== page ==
The Little Rock Technology Authority’s board of directors had a robust debate Wednesday (April 11) on the future of the downtown startup village as the taxpayer-financed nonprofit moves forward with design plans for a second stage of development.
The Tech Park directors took up nearly an hour-long discussion after Executive Director Brent Birch presented the board with a draft proposal of an architectural contract that could cost up to $150 per square foot to handle the design and planning of the unfinanced second phase of the downtown startup village.
In outlining the contract, Birch told board members he has held long talks with Little Rock-based WER Architects ever since the board selected the local architectural firm out of a beginning pool of six companies to lead the project on Dec. 20.
“This was a tough one based on a building we are not 100% sure of how big it is going to be, or what it is going to look like,” Birch said of the three-month negotiations. Initially, the Tech Park’s request for proposals called for architectural firms to design a 17,500-square-foot building between the Channel 7 building at Fourth and Main Streets and the authority’s headquarters at 417 Main St.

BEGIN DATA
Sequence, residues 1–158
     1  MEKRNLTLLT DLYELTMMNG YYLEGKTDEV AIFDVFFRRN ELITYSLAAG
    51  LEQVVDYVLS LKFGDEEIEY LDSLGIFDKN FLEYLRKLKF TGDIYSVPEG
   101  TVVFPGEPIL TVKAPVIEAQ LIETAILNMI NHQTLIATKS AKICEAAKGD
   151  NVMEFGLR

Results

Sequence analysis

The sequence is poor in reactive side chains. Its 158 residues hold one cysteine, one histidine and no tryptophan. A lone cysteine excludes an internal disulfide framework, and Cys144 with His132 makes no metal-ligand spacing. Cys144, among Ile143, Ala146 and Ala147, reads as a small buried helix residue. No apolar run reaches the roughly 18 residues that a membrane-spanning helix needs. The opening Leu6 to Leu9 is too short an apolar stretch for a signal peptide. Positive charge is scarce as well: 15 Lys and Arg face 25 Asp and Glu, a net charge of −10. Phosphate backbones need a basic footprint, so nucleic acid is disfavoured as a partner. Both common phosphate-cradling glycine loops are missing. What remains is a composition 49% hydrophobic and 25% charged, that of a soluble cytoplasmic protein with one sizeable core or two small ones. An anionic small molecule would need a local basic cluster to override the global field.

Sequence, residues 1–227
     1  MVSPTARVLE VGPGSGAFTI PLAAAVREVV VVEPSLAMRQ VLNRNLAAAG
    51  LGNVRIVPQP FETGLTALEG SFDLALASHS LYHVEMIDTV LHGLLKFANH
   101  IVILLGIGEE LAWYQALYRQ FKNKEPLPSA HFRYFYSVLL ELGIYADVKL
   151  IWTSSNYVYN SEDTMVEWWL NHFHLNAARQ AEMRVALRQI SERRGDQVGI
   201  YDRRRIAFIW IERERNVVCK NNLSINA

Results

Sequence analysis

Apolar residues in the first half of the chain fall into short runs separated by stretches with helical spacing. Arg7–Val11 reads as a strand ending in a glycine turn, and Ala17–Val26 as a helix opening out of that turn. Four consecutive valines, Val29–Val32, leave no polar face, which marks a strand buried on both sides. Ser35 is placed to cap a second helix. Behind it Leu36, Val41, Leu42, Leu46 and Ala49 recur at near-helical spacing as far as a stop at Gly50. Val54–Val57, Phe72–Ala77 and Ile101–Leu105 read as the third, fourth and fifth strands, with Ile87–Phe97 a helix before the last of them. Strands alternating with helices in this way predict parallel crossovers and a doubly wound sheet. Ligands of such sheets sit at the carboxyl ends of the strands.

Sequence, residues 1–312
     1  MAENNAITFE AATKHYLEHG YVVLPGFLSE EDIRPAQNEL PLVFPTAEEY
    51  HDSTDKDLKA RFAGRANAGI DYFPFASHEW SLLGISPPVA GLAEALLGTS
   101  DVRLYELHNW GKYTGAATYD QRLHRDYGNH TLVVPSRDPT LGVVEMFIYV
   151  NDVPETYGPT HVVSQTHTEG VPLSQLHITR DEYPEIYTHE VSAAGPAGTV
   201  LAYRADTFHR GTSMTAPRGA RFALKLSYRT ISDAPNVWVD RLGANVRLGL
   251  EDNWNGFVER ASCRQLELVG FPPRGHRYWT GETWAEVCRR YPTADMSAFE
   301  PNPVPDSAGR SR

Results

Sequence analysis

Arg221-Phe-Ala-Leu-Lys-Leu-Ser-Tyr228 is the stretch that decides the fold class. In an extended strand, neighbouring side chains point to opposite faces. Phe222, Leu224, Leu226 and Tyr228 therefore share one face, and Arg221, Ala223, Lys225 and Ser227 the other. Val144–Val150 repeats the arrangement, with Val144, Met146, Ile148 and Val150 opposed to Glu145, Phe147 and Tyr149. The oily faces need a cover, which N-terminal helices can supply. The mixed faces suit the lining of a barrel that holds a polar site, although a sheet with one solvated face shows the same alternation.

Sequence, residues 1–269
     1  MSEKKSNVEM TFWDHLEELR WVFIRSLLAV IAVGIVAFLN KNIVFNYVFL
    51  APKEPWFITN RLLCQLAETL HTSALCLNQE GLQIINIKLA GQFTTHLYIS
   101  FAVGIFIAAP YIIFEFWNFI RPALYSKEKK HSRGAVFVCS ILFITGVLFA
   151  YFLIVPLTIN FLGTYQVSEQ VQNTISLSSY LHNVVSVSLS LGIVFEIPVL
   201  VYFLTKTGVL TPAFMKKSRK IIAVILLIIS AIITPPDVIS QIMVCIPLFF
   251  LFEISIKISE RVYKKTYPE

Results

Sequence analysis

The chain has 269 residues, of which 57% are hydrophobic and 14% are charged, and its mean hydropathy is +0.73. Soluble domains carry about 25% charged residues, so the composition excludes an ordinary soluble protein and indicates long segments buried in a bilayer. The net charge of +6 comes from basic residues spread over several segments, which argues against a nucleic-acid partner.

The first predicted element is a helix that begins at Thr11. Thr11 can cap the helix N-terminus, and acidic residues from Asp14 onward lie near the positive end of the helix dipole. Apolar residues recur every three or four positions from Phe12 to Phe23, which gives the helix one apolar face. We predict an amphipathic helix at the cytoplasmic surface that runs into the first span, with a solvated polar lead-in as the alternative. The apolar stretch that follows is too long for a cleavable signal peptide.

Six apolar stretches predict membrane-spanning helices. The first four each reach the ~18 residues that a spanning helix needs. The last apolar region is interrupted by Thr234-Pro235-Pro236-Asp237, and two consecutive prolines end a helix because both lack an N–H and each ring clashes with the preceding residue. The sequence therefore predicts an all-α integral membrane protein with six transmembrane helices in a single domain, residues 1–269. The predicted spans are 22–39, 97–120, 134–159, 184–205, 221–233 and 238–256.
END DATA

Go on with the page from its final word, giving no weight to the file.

Under the plan presented at Wednesday’s board meeting, the board is hoping to design a STEM-focused building centered around the Little Rock firm’s expertise in research and wet/dry lab space design, a key feature of the authority’s request for proposal. Based on the board’s square foot ceiling rate, the design phase of the unfinanced project costs are estimated at between $1.24 million and $1.5 million.
Before approving the contract, Tech Park Director Kevin Zaffaroni urged board members to seek public input to come up with an architectural design that would create a “street buzz” for the city’s downtown Creative Corridor that combines an arts, entertainment and business district within the mixed-use neighborhood in the heart of the city.
“Is anyone talking to us or thinking about – while we are in the design phase – what we are going to do be a good member of Main Street?” asked Zaffaroni. “I’m sure there are people that have a plan that ‘Wow, this would be great for Main Street.’ Because we are using public funds for this, I think we should know what that is.”